The more than 700 pages of preliminary notes from the authorship of Battlefield Earth, which was written over an eight month period in 1980 and originally entitled, Man, the Endangered Species.
HAT EPIC AND THE TERM IS FULLY ACCURATE WAS Battlefield Earth: A Saga of the Year 3000. The work is nothing short of massive: 428,750 words long plus intro, as Ron finally calculated from the running tally with which he marked his daily progress. (Rather in awe, more than one critic would remark upon Rons use of a then fairly rare word processor. In fact, however, he employed two Underwood manual typewriters one to hammer out his several thousand words-a-day, while the other underwent repair. Every two or three weeks, he switched and proceeded to wear the alternate machine into a sorry state of disrepair.) Moreover, he was further to generate some seven hundred pages of handwritten notes, which further provide us some sense of how he approached the work.
The story, as meticulously detailed in those preliminary notes, tells of an earth so fully devastated after a thousand years of Psychlo rule, barely 35,000 human beings remain. Yet among those surviving humans is the wonderfully courageous Jonnie Goodboy Tyler. If he emerges from what is effectively a tribal community among the Rocky Mountains, he nonetheless proves more than a match for the inestimably cruel and technologically advanced Psychlos. Thus, the primary theme as reiterated in various ways through preliminary notes: the indomitable spirit of man prevailing over those who mistakenly regard him as an animal.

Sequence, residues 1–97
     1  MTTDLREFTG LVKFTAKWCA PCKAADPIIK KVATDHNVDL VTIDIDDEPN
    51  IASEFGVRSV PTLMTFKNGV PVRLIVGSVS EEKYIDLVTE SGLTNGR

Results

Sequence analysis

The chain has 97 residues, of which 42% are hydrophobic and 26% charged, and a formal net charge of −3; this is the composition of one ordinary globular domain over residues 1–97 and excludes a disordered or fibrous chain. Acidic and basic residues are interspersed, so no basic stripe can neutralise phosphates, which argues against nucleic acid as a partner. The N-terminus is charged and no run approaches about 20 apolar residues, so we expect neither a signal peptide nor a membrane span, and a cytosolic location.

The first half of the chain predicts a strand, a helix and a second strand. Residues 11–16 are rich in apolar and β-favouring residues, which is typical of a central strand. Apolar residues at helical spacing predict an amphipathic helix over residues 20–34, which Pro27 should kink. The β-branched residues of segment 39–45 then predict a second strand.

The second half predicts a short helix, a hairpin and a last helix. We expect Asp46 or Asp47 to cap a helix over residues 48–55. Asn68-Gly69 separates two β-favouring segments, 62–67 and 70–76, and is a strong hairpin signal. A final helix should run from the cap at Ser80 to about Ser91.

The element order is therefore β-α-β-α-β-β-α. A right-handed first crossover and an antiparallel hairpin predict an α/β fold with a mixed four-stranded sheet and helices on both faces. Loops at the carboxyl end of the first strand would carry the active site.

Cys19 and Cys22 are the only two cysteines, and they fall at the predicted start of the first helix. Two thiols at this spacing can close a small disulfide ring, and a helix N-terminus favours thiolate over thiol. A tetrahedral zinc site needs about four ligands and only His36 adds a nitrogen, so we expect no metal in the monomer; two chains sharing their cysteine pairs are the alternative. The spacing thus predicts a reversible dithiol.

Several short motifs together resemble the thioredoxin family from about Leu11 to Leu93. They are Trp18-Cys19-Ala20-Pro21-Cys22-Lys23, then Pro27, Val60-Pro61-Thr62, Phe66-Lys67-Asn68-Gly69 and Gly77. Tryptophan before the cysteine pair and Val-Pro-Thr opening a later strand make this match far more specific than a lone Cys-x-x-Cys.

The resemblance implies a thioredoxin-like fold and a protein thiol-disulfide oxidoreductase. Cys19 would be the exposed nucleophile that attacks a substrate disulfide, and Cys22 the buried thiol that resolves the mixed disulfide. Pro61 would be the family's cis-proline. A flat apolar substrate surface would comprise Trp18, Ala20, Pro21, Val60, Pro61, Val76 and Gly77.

One finds the whole of the Psychlo history among those preliminary notes, including chronicles of interplanetary conquest, a discourse on galactic diplomacy and much concerning the tooth and claw mores of the rampaging Psychlos. The implication here: although John W. Campbell would speak of the LRH story as rolling out in a single creative burst, Battlefield Earth was plainly a work of very careful design and all the more impressive for the mere eight months of writing. Both setting and structure were firmly established before word one, while additional notes detailed technological advancements as extrapolated from a most impressive grasp of time-space theory. Also found among those initial notes is much of what provides the thematic continuity, with delineated chapter motifs and character sketches. Then, too, we find much pertaining to what is plainly satirical. Transcending even the power of the Psychlos is a race of intergalactic bankers (literal descendants of sharks) with a pressing lien on the entirety of earth, including existing resources, future proceeds from mineral exploitation, and even the destiny of future populations. If utterly unconcerned as to the fate of those on the balance sheets, the indifference is not malicious. Merely, This is all just routine. Ordinary banking business.